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Poll: Romney has edge over Obama

Even before Republican Mitt Romney’s sweep of Tuesday’s five presidential primaries, including New York’s, he was the presumptive GOP presidential nominee. And if the November election were held today, a majority of RBJ Daily Report readers would vote for him over President Barack Obama.

Fifty-five percent of respondents to this week’s RBJ Daily Report Snap Poll favor Romney, who got more than 60 percent of the vote in the New York primary. He now has nearly 825 delegates, 72 percent of the 1,144 needed to secure the Republican nomination.

With chief rival Rick Santorum’s suspension of his campaign several weeks ago, attention has turned to the general election this fall. In most recent national polls, Obama has held a narrow lead over Romney.

In the 2008 presidential election, Obama received 52.9 percent of the vote versus 45.7 percent for Republican John McCain. An RBJ Daily Report Snap Poll conducted shortly before that election was evenly split between the two candidates.
Nearly 1,225 readers participated in this week’s poll, which was conducted April 23 and 24.

If the 2012 presidential election were held today and the candidates were Democrat Barack Obama and Republican Mitt Romney, would you vote for Obama or Romney?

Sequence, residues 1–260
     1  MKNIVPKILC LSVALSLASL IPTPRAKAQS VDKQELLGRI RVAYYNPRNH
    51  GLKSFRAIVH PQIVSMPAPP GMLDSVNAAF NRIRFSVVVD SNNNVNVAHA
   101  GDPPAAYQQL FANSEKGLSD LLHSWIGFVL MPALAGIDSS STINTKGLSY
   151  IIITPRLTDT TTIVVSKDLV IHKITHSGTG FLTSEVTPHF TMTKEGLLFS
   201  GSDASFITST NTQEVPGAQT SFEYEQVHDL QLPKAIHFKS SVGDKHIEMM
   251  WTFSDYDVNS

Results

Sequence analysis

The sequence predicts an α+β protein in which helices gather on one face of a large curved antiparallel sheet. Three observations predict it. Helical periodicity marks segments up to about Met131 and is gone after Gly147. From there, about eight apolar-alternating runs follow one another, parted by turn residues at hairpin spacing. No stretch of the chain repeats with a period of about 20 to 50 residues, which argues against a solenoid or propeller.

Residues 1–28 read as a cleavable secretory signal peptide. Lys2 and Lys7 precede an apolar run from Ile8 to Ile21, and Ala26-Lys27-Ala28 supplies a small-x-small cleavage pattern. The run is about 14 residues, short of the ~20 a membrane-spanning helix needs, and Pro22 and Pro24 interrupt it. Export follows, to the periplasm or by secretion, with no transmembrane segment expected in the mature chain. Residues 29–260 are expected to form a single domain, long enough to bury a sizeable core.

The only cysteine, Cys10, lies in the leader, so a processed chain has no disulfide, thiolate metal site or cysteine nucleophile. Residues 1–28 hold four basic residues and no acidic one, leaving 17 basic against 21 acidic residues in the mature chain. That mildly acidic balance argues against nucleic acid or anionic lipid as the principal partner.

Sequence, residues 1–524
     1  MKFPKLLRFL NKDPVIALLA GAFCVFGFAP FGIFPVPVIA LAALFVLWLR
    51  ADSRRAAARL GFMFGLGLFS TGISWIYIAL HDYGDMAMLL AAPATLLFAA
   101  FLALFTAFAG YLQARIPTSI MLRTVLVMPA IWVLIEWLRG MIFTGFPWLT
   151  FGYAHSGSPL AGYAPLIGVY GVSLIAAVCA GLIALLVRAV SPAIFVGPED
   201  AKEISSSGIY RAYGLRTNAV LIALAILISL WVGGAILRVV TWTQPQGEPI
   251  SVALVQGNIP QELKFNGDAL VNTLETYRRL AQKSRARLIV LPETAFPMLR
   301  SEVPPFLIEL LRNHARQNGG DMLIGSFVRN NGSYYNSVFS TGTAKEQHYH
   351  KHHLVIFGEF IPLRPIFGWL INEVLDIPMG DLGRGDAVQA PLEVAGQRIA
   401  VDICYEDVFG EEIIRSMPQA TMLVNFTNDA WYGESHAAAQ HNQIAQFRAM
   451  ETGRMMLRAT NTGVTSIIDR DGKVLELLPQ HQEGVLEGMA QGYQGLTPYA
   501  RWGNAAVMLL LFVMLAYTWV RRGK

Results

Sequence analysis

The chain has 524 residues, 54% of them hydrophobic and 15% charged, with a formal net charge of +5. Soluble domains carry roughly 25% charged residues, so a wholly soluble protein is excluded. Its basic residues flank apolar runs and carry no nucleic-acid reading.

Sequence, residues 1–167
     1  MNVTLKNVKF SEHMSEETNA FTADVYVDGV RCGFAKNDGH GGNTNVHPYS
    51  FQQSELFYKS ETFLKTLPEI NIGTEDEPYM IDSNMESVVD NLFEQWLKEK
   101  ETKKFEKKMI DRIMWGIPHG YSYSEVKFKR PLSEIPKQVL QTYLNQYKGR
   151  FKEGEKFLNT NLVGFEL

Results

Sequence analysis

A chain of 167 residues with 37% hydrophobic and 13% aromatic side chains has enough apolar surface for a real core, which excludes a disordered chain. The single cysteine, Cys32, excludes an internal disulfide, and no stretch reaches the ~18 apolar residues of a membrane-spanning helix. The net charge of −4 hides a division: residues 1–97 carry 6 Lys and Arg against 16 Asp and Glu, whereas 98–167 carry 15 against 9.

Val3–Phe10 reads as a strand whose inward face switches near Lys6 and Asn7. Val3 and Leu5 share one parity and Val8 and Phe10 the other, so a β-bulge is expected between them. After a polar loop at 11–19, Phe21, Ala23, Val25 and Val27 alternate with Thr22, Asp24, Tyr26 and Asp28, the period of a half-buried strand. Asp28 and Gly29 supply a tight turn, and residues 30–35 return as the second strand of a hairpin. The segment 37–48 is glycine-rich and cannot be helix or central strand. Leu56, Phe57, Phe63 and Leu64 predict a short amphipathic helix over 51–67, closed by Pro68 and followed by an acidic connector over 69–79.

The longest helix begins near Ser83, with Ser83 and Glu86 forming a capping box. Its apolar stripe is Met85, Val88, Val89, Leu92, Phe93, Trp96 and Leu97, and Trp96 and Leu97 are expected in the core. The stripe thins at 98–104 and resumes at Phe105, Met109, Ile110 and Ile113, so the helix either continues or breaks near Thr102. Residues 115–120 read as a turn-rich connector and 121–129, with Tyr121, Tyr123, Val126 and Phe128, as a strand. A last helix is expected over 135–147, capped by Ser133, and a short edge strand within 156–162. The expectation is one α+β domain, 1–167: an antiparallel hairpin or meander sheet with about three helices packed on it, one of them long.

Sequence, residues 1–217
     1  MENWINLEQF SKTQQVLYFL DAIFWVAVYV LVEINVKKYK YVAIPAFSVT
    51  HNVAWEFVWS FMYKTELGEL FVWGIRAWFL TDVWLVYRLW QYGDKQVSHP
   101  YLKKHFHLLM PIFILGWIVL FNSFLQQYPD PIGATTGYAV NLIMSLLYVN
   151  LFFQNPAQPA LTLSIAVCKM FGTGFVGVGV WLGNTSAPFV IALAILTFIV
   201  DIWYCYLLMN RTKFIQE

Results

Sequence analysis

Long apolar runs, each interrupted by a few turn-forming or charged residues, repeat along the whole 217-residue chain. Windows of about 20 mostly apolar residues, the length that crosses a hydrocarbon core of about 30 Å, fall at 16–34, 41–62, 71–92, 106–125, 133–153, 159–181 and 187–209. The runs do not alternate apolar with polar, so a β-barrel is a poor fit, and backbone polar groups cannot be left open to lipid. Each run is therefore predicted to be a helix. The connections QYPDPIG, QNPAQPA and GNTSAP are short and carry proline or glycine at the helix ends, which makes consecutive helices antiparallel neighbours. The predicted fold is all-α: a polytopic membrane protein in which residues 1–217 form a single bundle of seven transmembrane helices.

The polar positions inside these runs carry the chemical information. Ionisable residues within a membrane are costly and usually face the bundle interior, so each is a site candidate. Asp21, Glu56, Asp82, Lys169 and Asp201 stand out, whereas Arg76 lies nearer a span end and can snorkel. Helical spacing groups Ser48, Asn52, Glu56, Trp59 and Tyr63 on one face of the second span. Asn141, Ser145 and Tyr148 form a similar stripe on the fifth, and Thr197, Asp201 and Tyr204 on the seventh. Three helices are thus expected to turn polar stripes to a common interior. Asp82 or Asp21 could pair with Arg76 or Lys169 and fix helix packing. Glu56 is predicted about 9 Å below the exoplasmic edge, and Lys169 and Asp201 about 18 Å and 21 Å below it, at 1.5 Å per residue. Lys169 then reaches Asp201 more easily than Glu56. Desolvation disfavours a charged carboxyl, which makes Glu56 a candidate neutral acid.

Mitt Romney: 55%
Barack Obama: 45%

What is your political affiliation?
Democrat: 25%
Republican: 37%
Non-affiliated: 34%
Other: 4%

COMMENTS:
This president has proven by his own track record, lies, policies and lack of business sense he is not a president. He needs to go away. —D. Topian, Westminster Real Estate Advisors LLC

Good grief—is the American electorate that far gone that we would want four more years of this? Vote to remove the shackles of socialism placed on the American worker and business.—Steve Wichtowski

President Obama inherited serious problems from the previous administration (the economic recession, the war in Iraq), and his initiatives have been hampered by hyper-partisanship from the other side. I think he has done a fine job with the hand he was dealt and deserves a chance to continue. He’s not nearly the monstrous liberal that the pundits make him out to be.—John Messenger, attorney at law

Personally, I think the Republicans are running a very weak candidate. However, nobody in their right mind should vote for a phony, lying, bought individual who really does not believe in this country!—J.A. DePaolis, Penfield